Iran is only a few weeks away from having a “significant quantity of enriched uranium,” the International Atomic Energy Agency’s Director General Rafael Grossi said on Monday.
“Having a significant quantity does not mean having a bomb,” Grossi told a press conference following the start of the quarterly Board of Governors meeting in the Austrian capital of Vienna on Monday.
The warning comes as the prospects for a return to the Iranian nuclear deal continue to dim, even as the Biden administration still is hoping for an agreement to salvage the 2015 deal.
The IAEA defines “significant quantity” of enriched uranium as “the approximate amount of nuclear material for which the possibility of manufacturing a nuclear explosive device cannot be excluded.”
At this week’s board of governors meeting, the United States is preparing to join with three European allies – the UK, France and Germany – for a resolution that would censure Iran for failing to fully cooperate with the IAEA.
Iran has increased its enriched uranium stockpile and hasn’t provided provide answers for unexplained nuclear activities at three undeclared sites, according to two IAEA reports last month that were obtained by CNN.
Grossi expressed his concern over three undeclared sites related to Iran’s nuclear program, saying “it is in no one’s interest that cooperation between the agency and Iran diminishes further.”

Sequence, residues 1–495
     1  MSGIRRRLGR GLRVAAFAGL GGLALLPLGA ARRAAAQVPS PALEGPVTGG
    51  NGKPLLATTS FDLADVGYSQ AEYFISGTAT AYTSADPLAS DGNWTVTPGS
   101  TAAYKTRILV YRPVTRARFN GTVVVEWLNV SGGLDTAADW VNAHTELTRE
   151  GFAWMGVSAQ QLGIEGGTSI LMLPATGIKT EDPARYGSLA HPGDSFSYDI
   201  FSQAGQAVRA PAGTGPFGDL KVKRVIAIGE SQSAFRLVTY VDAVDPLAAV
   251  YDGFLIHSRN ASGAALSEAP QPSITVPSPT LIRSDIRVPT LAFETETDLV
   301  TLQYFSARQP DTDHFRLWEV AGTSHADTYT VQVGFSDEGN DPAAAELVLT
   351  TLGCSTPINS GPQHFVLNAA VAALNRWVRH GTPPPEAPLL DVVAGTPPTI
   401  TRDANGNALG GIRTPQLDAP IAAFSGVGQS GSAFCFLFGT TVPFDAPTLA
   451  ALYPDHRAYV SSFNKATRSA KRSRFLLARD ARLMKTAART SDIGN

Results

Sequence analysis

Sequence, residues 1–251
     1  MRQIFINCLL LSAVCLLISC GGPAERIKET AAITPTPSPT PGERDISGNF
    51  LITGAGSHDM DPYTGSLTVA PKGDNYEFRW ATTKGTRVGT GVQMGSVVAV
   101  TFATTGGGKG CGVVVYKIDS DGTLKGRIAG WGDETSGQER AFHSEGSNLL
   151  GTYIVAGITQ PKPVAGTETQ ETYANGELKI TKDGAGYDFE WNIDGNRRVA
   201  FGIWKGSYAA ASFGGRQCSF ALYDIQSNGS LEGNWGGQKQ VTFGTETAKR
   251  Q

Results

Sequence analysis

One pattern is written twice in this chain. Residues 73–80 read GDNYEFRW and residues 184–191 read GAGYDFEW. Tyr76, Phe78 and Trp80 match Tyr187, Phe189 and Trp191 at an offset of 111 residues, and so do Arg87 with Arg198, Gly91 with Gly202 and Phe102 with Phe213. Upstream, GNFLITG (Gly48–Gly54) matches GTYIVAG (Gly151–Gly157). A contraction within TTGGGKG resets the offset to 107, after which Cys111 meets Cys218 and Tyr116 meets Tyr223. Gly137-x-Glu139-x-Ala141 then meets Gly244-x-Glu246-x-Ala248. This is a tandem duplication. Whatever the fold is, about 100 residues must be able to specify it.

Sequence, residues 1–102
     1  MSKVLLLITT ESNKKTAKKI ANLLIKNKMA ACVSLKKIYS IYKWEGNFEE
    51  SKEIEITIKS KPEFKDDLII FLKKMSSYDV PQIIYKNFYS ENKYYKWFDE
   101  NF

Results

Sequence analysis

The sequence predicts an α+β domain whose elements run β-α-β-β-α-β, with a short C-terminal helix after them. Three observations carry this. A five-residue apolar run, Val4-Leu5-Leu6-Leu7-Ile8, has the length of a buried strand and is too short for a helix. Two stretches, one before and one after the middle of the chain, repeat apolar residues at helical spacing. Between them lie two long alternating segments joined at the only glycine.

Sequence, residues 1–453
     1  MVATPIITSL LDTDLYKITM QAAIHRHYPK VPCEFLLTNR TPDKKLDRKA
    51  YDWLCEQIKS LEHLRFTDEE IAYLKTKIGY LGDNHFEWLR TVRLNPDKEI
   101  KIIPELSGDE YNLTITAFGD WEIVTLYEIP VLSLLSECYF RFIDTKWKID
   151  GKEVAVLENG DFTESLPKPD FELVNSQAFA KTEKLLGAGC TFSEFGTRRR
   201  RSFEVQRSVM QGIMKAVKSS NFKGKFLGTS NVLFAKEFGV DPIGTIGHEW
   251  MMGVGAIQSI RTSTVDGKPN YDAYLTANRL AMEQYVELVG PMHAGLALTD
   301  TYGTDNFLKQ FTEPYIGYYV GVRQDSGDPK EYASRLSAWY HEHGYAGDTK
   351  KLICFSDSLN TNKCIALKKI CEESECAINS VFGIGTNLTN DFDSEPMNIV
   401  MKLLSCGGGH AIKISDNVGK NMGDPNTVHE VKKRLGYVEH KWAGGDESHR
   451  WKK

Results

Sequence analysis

“We have to sit down urgently if possible to see how we continue with this,” he said. “Iran has not provided explanations that are technically credible in relation to the Agency’s findings at three undeclared locations in Iran.”
In an appearance on Iranian state TV, Iran’s Foreign Ministry Spokesman Saeed Khatibzadeh asked the IAEA’s Board of Governors to vote against a proposed resolution by the US and the three European countries, known as the E3, to censure Iran over its failure to cooperate with the IAEA. Khatibzadeh said it may affect Iran’s relationship with the agency and the nuclear talks.
The draft resolution calls on Iran to cooperate with the IAEA’s probe into uranium particles found at three undeclared sites in Iran.
The Biden administration restarted talks with Iran last year to re-enter the 2015 nuclear agreement, which President Donald Trump withdrew from. Last month, US Special Envoy for Iran Rob Malley said the prospects of a return to the Iran nuclear deal were “tenuous at best.”
“If Iran maintains demands that go beyond the scope of the JCPOA, we will continue to reject them, and there will be no deal. It is not our preference, but we are fully prepared to live with and confront that reality if that is Iran’s choice,” he continued.
Grossi said Monday that the IAEA was ready to re-engage Iran to “resolve these matters.”
“As in the past, and in order for the Agency to be in a position to provide assurance that Iran’s nuclear program is exclusively peaceful, the Agency remains ready to re-engage without delay with Iran to resolve these matters,” he said.